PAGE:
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Ballpark dimensions and increasing K rate

Tim Keown has a terrific piece on ballpark dimensions and the angst sluggers face these days in places like Miami and San Diego.

I want to focus on one quote in the piece. Heath Bell said, "The one thing I always say about a big ballpark: There should be a lot of hits. There's more space, but right now everyone thinks they have to hit home runs. Whatever happened to a guy trying to hit .400? What's wrong with 200 hits? Hit the ball on the ground, hit line drives in the gaps."

In theory, maybe he's right in suggesting hitters are swinging too much for the fences. The problem with his "put the ball in play" suggestion is that strikeout rates are increasing. In 1992, the year before offense exploded, the major league strikeout rate was 5.6 K's per nine innings. By 1996, it had shot up to 6.5 K's per nine. However, while strikeout rates were increasing, so was everything else: batting average (.256 in 1992, .270 in 1996), walks (3.3 per nine to 3.6) and, of course, home runs (0.7 to 1.1). Basically, hitters were willing to strike out more because there were positive gains to be made in hitting the ball harder when you did make contact.

Those numbers were basically fairly steady through 2007. Run-scoring during this era actually peaked in 2000 at 5.14 runs per game, but in 2007 it was still at 4.80. Jake Peavy was the only major league starter that year with an ERA under 3.00.

And then the pitchers took over. Since 2007, strikeouts have increased from 6.7 to 7.3 per nine innings. Walks, which hit 3.8 per nine in 2000, have decreased from 3.3 per nine in 2007 to 3.2. Batting average has declined from .268 in 2007 to .249, which if it holds would be the lowest since a .244 mark in 1972. Scoring runs was so problematic in the American League that year that it instituted the designated hitter rule for 1973. Home runs have dropped from 1.02 per game in 2007 to 0.94. And runs per game have fallen from 4.80 to 4.17.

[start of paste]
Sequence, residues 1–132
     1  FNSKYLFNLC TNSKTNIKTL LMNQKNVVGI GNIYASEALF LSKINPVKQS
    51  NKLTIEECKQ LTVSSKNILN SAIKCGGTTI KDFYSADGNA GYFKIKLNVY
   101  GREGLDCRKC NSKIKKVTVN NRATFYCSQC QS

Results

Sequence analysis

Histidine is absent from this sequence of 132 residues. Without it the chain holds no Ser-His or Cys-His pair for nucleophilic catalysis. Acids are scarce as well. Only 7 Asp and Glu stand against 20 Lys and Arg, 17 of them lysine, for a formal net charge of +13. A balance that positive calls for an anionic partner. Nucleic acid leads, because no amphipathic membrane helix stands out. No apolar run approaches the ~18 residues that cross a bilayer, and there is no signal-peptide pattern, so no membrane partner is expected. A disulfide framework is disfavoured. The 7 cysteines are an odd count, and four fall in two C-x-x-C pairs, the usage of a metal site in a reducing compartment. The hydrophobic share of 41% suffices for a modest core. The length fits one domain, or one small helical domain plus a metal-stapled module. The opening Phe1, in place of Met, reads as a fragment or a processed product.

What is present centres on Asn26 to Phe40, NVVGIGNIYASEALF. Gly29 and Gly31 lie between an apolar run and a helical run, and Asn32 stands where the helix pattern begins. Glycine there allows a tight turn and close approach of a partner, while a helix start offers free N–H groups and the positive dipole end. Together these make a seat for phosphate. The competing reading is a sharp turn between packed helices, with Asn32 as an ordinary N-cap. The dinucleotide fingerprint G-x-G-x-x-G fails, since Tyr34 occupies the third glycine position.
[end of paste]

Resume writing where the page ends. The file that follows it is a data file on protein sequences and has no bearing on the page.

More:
So is Bell right? Should hitters focus more on putting the ball in play? The kicker here: In 2007, the batting average on balls in play (which doesn't include home runs) was .303. In 2011, it was .295. In 2012, it's down to .290. For what it's worth, back in 1992, when hitters didn't hit as many home runs or strike out as much, and supposedly focused more on contract, it was .285. Back in 1973, when hitters struck out even less (5.3 K's per nine innings), it was .281. In 1992, teams averaged 4.12 runs per game; in 1973, 4.21.

What's it all mean? The pitchers are too good now. The only reason teams are scoring as many runs as they did in 1992 or 1973 -- despite the current low batting averages -- is because they're hitting more home runs. Hitting fewer home runs and trying to get more singles and doubles isn't a solution to more runs scored, not with strikeout rates so high.

So, yes, moving in the fences in some parks will help the run-scoring environment to a small extent. But it won't solve the bigger trend the game is undergoing: The pitchers are simply better than the hitters right now.